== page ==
Cue the lights & sound

Hair Duex 022017_04
Patrik (McGlaun) gets upset after realizing that it was his fault the bride
went to a different shop to get a haircut. Professor Bob Peterson’s play was performed at Butler in February. photo by Nadine Armstrong

Professor’s play performed in a black box setting

by Nadine Armstrong

For the first time in 15 years, the Butler Theatre Department put on a show in a Black Box Theatre. Showings of “Hair Deux” were performed in Room 766 of the Fine Arts building from Tuesday, Feb. 21, through Saturday, Feb. 25.

In a Black Box Theatre setting, the audience is in a circle and the actors perform in the center.

Lights were added to the dance room in 2002 when Larry Patton, Dean Emeritus of Humanities and Fine Arts, had the idea that the studio could also function as a performance space. The studio is equipped with a light board and sound equipment and theatrical lighting.

“Hair Deux” is the second act from “Barbershop Quartet,” written by Butler professor Bob Peterson in 1996.

“There were several stories running in my head and I realized they were connected,” Peterson says.

He remembered a play by Neil Simon and thought it would be neat to put the four stories together.

The play was first performed in Los Angeles for a stage reading. Then in Wichita for the

Center for the Arts. And, most recently, it was performed by the Butler Theatre Department.

This was the first time the show was performed in a Black Box Theatre, and Peterson enjoyed it in a Black Box setting.

“It was an unique way of staging the play. It was an intimate way for intimate stories,” Peterson says.

The two acts are titled “Buzz Cut” and “Spit Curls.”

In “Buzz Cut,” two brothers, Tom Carlson (Chandler Moore) and Gary Carlson (Jacob Martinez), are packing up their boyhood home outside of Topeka. Tom moved to California and hadn’t been home in quite a long time. The two brothers have a strained relationship, which they work to mend.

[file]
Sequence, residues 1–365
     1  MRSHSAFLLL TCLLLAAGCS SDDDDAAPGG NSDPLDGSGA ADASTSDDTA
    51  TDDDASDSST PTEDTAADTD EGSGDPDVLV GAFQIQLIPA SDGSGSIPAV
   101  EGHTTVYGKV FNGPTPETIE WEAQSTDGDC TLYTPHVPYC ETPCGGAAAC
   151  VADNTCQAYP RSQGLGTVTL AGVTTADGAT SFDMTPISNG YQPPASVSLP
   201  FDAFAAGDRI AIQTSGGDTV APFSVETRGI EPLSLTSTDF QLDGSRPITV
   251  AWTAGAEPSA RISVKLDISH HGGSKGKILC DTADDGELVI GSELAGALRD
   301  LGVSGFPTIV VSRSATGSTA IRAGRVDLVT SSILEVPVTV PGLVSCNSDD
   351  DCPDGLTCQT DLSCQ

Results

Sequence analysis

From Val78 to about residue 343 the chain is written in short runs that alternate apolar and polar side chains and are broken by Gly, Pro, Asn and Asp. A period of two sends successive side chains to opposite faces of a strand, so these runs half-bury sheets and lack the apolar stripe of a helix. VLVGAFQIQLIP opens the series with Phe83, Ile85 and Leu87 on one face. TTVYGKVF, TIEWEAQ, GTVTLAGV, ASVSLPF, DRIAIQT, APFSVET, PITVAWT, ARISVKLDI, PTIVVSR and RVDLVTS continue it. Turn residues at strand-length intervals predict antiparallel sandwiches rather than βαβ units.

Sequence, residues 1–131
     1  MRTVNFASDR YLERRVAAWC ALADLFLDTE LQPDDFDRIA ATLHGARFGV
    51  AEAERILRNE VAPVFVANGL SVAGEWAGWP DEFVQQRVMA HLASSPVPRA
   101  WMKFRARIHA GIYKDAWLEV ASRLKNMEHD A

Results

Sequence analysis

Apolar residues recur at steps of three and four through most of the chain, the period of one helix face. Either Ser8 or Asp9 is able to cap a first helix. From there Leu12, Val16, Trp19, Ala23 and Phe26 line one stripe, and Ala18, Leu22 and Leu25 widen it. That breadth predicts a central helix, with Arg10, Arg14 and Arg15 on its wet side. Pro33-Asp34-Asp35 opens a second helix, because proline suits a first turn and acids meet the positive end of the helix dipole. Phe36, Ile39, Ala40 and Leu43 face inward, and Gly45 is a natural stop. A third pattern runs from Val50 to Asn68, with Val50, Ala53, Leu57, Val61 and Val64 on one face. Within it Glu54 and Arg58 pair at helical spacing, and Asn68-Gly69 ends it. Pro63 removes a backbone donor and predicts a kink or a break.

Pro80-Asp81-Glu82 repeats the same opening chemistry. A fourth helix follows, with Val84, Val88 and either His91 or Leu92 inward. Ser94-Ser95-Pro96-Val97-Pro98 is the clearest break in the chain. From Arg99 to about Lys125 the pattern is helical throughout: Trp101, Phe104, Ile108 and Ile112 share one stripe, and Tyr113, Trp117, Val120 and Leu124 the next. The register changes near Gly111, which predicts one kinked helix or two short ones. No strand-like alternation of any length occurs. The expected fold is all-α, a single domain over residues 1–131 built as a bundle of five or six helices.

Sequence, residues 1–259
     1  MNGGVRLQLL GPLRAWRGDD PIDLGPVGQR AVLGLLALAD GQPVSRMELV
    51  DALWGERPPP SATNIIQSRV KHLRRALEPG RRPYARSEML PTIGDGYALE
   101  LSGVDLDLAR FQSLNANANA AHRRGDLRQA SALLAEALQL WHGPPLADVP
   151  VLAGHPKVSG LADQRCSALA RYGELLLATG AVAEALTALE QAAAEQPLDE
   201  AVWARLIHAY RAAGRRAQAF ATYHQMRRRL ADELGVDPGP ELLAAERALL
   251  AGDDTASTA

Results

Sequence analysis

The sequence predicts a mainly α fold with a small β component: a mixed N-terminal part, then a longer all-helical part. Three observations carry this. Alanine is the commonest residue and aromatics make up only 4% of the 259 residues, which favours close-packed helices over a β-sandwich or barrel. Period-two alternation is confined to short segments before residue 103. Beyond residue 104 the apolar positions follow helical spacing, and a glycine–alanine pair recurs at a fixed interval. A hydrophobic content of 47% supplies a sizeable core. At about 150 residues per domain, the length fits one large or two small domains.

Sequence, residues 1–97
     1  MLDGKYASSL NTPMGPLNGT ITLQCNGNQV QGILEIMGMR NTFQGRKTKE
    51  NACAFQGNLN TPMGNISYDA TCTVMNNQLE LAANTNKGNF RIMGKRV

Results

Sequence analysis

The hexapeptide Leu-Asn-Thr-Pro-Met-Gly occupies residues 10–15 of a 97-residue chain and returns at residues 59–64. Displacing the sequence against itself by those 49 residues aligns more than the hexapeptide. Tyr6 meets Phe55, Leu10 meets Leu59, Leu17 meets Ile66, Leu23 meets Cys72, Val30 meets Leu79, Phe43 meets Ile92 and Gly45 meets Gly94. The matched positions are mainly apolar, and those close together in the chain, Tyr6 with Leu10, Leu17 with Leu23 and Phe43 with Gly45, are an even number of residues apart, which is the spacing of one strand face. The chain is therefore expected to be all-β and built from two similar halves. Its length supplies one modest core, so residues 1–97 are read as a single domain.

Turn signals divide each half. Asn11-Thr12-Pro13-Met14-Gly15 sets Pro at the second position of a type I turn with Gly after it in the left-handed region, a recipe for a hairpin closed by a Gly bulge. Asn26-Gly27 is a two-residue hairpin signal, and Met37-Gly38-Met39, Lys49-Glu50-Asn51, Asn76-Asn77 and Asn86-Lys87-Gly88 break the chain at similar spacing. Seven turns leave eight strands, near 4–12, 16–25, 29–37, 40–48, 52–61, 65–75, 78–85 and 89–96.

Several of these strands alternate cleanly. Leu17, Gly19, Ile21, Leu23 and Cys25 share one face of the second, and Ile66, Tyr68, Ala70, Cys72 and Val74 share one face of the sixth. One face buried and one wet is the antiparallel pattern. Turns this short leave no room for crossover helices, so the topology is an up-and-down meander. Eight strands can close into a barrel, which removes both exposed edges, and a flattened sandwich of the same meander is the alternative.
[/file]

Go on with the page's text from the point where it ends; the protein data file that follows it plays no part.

In “Spit Curls,” groom Jon Alexander (Chandler Moore) is looking for his phone in the chapel of the Presbyterian Church in Shawnee Mission. He runs into the hairstylist of his bride to be, Patrik Dotter (Max McGlaun). Patrik is upset and creates a conflict with Jon.

Peterson says working with his students on the show was wonderful.

“They worked very hard and investigated their roles,” Peterson says. “It was a really satisfying experience.”

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Sexual misconduct on campus: what students should know

Police Car

by Emily Beckman

When flipping through recent Annual Security Reports, it is noticeable that the majority of criminal offenses at Butler are marked with a zero. This is what makes the numbers on reported sexual misconduct and harassment cases stand out.

Each semester, all new students receive a Title IX training regarding sexual misconduct. In addition, Butler recently conducted its first Campus Climate Survey for Title IX, which was sent to all students. The survey is set to be conducted every two years. Both the training and the survey are sent through Canvas.

According to Sherri Conard, Butler’s Title IX coordinator, the recent Campus Climate Survey was sent to 6,938 students. Of these, 2,735 students completed the survey and another 752 started the survey but did not complete it.

“The Climate Survey gathers information about the scope and nature of sexual assault and misconduct among our college students, gives data pertaining to attitudes among students about the campus atmosphere regarding sexual assault and misconduct and provides data on where there may be gaps of knowledge so that we can provide appropriate educational programming for our students,” Conard says.

Since taking over as Title IX coordinator in July 2015, 12 incidents of sexual misconduct have been reported, according to Conard.

“Fortunately, we have minimal incidents reported at Butler compared to other colleges that you hear in the media,” Conard says. “However, I’m certain that there are incidents that go unreported, which is why we provide training to our students. We want students who feel that they may be a victim of sexual misconduct to know how to report incidents.”

While Bill Rinkenbaugh, vice president of student services, notes that Butler’s numbers are “significantly less than other colleges and universities across the country,” he says that “12 incidents are 12 incidents too many.”

“All individuals need to understand that they  have the right to work and live in a positive educational environment that is free from sexual harassment and violence,” Rinkenbaugh says in an email interview.